Deciding whether to digitise your paper records inhouse or outsource a project will depend on the quantity of paper records to be digitised, how they are currently organised, and the availability of space, infrastructure, technical expertise, and time to digitise them.

 

Choosing and Implementing an Electronic Document Management System

These days there are numerous solutions for storing electronic records, whether in the cloud or on-premise. Deciding where to store your electronic files is a critical factor in the transition process and the elements of each solution that need to be reviewed include security, access management, and cost.

If there is robust and well-maintained on-premise infrastructure already in place then storing the electronic records there could be preferable and setting up a restricted shared drive could work well for controlling access to key staff. If there is not on-premise infrastructure available, a secure cloud solution could offer a quick set up with minimal recurring expenses. Access here can be managed using login profiles and upgrades are looked after by the cloud solution provider.

With either option you should be able to set up your electronic filing system just like your paper filing system, with folder and sub-folder structures for the records. It would be important to develop a system for naming folders with keywords that give you information about the documents contained within them. The naming on these folders in combination with the naming of the files as per your chosen naming convention will allow you to carry out electronic searches to find the exact documents you are looking for quicker.

 

Managing Organisational Change

The next step is to ensure all staff are using the new electronic document management system correctly and are able to take full advantage of its features. It is therefore important to think about what is involved in communicating with, educating and supporting employees during this organisational change. These tasks will be influenced by the type of electronic document management system chosen.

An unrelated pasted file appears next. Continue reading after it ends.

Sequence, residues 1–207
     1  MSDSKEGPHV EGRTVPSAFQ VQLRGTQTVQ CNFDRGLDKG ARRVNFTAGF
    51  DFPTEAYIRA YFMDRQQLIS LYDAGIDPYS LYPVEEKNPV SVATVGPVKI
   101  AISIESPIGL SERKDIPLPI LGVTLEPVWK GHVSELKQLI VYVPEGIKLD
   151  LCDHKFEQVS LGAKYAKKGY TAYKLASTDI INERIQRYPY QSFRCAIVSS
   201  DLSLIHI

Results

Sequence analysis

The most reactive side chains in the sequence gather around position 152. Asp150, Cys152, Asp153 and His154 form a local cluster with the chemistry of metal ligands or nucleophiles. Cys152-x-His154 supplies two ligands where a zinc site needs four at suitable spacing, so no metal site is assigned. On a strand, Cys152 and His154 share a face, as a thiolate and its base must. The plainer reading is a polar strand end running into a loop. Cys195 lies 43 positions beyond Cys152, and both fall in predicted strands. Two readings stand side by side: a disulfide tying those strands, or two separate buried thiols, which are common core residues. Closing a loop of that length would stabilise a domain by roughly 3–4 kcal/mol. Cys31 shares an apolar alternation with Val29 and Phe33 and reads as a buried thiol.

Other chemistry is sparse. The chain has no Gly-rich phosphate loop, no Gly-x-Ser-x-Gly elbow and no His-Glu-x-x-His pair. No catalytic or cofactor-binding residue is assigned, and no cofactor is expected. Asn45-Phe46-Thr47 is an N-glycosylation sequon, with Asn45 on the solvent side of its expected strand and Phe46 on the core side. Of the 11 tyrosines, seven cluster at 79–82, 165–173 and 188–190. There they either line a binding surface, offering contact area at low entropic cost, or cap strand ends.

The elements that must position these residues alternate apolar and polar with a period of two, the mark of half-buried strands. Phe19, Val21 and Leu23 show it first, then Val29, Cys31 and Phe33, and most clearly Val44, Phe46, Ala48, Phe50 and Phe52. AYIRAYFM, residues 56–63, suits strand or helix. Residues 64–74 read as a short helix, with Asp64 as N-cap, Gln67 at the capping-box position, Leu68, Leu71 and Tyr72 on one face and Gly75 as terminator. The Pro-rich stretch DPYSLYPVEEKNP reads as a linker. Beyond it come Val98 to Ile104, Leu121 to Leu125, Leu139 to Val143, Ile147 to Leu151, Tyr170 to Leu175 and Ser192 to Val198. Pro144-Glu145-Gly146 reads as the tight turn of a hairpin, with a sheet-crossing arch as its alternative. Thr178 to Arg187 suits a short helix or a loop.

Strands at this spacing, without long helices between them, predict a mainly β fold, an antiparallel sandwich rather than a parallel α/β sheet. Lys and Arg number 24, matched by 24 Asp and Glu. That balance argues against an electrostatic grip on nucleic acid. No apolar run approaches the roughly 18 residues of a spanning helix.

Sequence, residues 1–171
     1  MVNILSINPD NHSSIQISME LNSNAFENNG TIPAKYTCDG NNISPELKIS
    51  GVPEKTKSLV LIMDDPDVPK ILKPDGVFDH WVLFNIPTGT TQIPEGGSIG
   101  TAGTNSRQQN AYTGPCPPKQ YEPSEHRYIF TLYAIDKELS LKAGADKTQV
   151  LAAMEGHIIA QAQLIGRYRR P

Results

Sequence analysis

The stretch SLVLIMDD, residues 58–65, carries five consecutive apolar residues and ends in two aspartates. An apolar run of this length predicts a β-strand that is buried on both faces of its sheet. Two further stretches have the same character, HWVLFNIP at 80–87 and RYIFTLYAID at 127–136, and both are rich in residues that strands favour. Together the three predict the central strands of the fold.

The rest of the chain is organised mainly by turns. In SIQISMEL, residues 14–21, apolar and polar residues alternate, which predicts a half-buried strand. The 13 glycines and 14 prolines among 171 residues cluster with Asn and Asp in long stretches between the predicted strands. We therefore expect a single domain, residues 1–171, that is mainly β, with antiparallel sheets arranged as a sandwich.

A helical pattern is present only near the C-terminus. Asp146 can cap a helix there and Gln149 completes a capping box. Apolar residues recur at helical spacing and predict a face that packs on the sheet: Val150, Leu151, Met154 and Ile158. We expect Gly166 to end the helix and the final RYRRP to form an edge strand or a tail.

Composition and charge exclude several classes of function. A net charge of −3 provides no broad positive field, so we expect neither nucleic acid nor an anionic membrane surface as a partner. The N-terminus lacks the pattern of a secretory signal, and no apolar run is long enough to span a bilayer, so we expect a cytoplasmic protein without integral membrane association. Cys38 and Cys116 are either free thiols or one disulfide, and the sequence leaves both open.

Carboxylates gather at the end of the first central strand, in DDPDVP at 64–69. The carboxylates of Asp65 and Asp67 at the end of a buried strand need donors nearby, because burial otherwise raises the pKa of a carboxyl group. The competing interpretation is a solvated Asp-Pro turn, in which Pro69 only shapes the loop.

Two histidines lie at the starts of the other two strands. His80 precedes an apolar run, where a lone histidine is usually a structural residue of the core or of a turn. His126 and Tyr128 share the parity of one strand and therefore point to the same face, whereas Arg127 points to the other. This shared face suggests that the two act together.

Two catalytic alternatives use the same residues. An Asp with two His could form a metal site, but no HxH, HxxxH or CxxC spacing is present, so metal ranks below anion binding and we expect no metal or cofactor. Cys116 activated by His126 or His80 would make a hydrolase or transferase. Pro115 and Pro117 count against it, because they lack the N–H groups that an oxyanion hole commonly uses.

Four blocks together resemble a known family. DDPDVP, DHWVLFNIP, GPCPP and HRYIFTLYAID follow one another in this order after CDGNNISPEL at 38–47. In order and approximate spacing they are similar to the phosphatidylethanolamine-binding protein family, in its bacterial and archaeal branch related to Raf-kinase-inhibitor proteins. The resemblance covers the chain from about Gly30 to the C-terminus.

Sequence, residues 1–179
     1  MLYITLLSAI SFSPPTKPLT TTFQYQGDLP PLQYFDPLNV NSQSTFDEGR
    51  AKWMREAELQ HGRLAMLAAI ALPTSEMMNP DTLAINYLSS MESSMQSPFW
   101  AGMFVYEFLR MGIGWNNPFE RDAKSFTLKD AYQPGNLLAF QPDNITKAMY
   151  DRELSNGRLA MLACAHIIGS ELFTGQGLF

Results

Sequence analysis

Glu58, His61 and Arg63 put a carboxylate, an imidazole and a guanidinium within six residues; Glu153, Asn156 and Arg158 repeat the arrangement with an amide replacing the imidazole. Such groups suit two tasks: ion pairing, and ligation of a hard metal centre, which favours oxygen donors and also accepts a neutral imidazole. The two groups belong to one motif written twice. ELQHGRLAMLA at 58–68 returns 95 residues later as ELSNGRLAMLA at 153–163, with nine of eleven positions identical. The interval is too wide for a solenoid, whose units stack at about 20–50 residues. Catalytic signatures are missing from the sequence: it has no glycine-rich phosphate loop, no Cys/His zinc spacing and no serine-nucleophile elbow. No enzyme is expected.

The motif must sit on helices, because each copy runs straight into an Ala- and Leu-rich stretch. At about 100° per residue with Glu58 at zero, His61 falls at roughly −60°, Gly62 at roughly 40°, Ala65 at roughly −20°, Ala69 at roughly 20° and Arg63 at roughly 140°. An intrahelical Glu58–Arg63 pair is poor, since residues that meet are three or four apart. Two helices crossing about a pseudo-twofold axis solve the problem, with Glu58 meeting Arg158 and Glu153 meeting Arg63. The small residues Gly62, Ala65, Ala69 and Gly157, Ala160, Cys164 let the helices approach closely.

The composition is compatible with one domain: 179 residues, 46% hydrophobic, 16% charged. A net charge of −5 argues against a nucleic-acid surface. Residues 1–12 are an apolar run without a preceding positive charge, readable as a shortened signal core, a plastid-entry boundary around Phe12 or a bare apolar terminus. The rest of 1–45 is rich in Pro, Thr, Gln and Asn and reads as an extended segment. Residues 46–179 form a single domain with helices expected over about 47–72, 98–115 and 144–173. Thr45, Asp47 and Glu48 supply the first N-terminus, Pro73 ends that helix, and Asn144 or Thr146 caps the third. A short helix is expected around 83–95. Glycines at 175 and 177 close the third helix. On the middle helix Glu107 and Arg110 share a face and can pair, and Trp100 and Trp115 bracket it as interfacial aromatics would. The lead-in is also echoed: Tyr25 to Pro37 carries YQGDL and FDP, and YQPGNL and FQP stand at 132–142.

Once employees become comfortable using the new filing system, they will soon realise the benefits for themselves.

 

Incorporating Future Records

Finally, if paper records are still going to be generated it is important not to overlook how they will be incorporated into your new electronic document management system. As part of a wider digitalisation strategy future records may be created digitally going forward and your electronic document management system for paper records may only form part of the digitalisation of your business. Whatever the case might be, thinking about it now will ensure you don’t end up with a backlog of paper records that have not being incorporated into your new electronic document management system. Options to address this include digitising records when received and digitising in batches for example weekly. The chosen timeline will depend on the urgency in having electronic access.

 

Glenbeigh Records Management specialises in document scanning and can assist with large and small scanning projects alike. We have encountered all types of file organisation and have scanned all paper sizes to numerous types of output requirements. For live files we offer a digital mailroom solution.